Dirican A, Yilmaz M, Unal B, Tatli F, Piskin T, Kayaalp C. Ruptured Hydatid Cysts into the Peritoneum: A Case Series. European Journal of Trauma and Emergency Surgery 2009;36:375-9.
Reza Mousavi S, Khoshnevis J, Kharazm P. Surgical treatment of hydatid cyst of the liver: Drainage versus omentoplasty. Ann Hepatol 2005;4:272-4.
Buttenschoen K, Carli Buttenschoen D. Echinococcus granulosus infection: The challenge of surgical treatment. Langenbecks Arch Surg 2003;388:218-30.
Masroor I, Azeemuddin M, Khan S, Barakzai A. Hydatid disease of the breast. Singapore Med J 2010;51:e72-5.
Dawson JL, Stamatakis JD, Stringer MD, Williams R. Surgical treatment of hepatic hydatid disease. Br J Surg 1988;75:946-50.
Engin G, Acunaş B, Rozanes I, Acunaş G. Hydatid disease with unusual localization. Eur Radiol 2000;10:1904-12.
Kireşi DA, Karabacakoǧlu A, Odev K, Karaköse S. Uncommon locations of hydatid cysts. Acta Radiol 2003;44:622-36.
Kern P. Echinococcus granulosus infection: Clinical presentation, medical treatment and outcome. Langenbecks Arch Surg 2003;388:413-20.
Kurt Y, Sücüllü I, Filiz AI, Urhan M, Akin ML. Pulmonary echinococcosis mimicking multiple lung metastasis of breast cancer: The role of fluoro-deoxy-glucose positron emission tomography. World J Surg Oncol 2008;6:7.
Caratozollo M, Scardella L, Grossi G. Diagnostic approach of abdominal hydatidosis by ultrasonography. Arch Hydatid 1991;30:531-4.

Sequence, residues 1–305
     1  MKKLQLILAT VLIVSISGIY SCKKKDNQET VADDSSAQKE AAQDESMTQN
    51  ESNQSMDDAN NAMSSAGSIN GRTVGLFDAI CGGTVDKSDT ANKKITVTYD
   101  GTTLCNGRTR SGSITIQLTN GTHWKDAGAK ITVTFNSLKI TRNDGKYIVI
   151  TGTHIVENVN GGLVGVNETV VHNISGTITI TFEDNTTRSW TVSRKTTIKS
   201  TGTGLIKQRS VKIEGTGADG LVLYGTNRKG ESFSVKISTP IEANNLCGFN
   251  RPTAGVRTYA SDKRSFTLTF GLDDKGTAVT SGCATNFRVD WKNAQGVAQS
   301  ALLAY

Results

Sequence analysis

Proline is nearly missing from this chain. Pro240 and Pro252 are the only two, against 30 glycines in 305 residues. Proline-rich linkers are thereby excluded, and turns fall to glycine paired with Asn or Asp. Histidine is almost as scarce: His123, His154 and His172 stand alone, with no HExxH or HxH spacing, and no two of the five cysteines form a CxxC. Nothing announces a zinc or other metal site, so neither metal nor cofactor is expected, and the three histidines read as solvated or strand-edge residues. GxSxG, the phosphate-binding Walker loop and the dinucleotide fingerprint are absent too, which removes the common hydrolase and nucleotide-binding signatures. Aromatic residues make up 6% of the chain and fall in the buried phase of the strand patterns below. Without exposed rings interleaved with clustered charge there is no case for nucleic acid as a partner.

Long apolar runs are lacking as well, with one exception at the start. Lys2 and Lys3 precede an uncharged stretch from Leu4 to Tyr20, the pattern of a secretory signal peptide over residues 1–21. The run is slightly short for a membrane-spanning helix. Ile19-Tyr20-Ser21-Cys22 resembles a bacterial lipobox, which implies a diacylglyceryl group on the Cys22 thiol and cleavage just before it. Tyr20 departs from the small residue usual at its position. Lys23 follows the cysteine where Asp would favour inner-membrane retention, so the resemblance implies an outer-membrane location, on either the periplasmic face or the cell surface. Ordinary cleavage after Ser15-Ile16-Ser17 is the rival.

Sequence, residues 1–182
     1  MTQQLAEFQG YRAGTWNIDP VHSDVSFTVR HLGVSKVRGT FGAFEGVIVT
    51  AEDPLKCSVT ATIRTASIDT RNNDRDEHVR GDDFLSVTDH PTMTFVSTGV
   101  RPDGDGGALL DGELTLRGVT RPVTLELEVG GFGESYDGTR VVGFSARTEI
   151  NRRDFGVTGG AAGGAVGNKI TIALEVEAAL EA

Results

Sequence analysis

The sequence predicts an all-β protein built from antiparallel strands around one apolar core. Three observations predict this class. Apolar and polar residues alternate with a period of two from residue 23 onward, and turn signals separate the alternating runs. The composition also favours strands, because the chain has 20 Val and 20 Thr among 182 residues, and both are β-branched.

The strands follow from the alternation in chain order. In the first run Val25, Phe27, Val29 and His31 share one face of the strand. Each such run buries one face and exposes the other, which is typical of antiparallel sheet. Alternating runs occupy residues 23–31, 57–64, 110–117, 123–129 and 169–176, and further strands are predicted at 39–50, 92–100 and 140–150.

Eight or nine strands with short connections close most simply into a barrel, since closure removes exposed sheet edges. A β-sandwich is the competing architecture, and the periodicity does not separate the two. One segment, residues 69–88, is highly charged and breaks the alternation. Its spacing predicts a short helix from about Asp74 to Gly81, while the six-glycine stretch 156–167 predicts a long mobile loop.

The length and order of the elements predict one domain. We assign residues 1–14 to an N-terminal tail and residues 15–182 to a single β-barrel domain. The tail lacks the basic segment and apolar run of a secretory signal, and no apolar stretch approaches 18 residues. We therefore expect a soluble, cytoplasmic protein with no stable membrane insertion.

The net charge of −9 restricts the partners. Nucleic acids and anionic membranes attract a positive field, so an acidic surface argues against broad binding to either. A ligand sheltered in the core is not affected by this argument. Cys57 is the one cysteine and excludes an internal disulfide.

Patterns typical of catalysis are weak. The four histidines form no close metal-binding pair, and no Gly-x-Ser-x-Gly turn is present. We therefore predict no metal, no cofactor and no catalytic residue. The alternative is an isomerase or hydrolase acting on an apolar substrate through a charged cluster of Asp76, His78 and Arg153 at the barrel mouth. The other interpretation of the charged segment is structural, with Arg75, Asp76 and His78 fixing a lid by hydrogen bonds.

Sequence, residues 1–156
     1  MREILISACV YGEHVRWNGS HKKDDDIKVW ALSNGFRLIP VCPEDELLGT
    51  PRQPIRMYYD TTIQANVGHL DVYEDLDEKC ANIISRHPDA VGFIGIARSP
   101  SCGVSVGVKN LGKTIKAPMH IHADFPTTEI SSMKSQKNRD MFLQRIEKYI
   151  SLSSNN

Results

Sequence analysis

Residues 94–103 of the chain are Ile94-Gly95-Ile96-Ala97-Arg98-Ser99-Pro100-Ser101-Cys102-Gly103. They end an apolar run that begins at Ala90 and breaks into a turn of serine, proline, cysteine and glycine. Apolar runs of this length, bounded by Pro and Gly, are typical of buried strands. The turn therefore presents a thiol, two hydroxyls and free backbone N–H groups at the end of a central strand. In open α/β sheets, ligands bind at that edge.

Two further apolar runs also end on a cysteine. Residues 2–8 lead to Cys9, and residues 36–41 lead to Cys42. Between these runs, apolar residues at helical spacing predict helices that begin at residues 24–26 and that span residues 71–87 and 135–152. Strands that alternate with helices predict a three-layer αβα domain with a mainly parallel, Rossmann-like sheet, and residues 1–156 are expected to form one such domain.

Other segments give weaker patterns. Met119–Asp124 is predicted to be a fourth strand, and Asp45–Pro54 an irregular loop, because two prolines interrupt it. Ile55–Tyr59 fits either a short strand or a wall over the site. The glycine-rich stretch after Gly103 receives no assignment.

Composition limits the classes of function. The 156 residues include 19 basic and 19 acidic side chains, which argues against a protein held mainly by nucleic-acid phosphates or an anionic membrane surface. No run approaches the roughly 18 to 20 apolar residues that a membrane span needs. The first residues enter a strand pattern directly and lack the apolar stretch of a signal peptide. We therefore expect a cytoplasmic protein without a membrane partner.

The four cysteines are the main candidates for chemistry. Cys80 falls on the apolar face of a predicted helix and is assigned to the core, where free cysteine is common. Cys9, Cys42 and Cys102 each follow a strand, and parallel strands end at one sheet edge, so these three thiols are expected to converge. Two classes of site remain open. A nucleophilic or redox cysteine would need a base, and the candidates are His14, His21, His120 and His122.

Gharbi HA, Hassine W, Brauner MW, Dupuch K. USG examination of hydatid liver. Radiology May 1981;139:459-63.
Pedrosa I, Saíz A, Arrazola J, Ferreirós J, Pedrosa CS. Hydatid disease: Radiologic and pathologic features and complications. Radiographics 2000;20:795-817.
Aeberhard P, Fuhrimann R, Strahm P, Thommen A. Surgical treatment of hydatid disease of the liver: An experience from outside the endemic area. Hepatogastroenterology 1996;43:627-36.
Ertem M, Uras C, Karahasanoglu T, Erguney S, Alemdaroglu K. Laparoscopic approach to hepatic hydatid disease. Dig Surg 1998;15:333-6.
Kammerer WS, Schantz PM. Echinococal disease. Infect Dis Clin North Am 1993;7:605-18.
Bülbüller N, Ilhan YS, Kirkil C, Yeniçerioǧlu A, Ayten R, Cetinkaya Z. The results of surgical treatment for hepatic hydatid cysts in an endemic area. Turk J Gastroenterol 2006;17:273-8.
Harris KM, Morris DL, Tudor R, Toghill P, Hardcastle JD. Clinical and radiological features of simple and hydatid cysts of the liver. Br J Surg 1986;73:835-8.
Lawson JR, Gemmell MA. Hydatidosis and cysticercosis: The dynamics of transmission. Adv Parasitol 1983;22:261-308.
Akin ML, Erenoglu C, Uncu EU, Basekim C, Batkin A. Surgical management of hydatid disease of the liver: A military experience. J R Army Med Corps 1998;144:139-43.
Gourgiotis S, Stratopoulos C, Moustafellos P, Dimopoulos N, Papaxoinis G, Vougas V, et al
. Surgical techniques and treatment for hepatic hydatid cysts. Surg Today 2007;37:389-95.
Wani AA, Rashid A, Laharwal AR, Kakroo SM, Abbas M, Chalkoo MA. External tube drainage or omentoplasty in the management of residual hepatic hydatid cyst cavity: A prospective randomized controlled study. Ger Med Sci 2013;11:Doc11.
Platell C, Cooper D, Papadimitriou JM, Hall JC. The omentum. World J Gastroenterol. 2006;6:169-76.
Merrett N, Hunt DR. Recurrent hepatic hydatid disease or prior omentoplasty: Diagnostic dilemma. Aust N
Z J Surg 1989;59:791-4.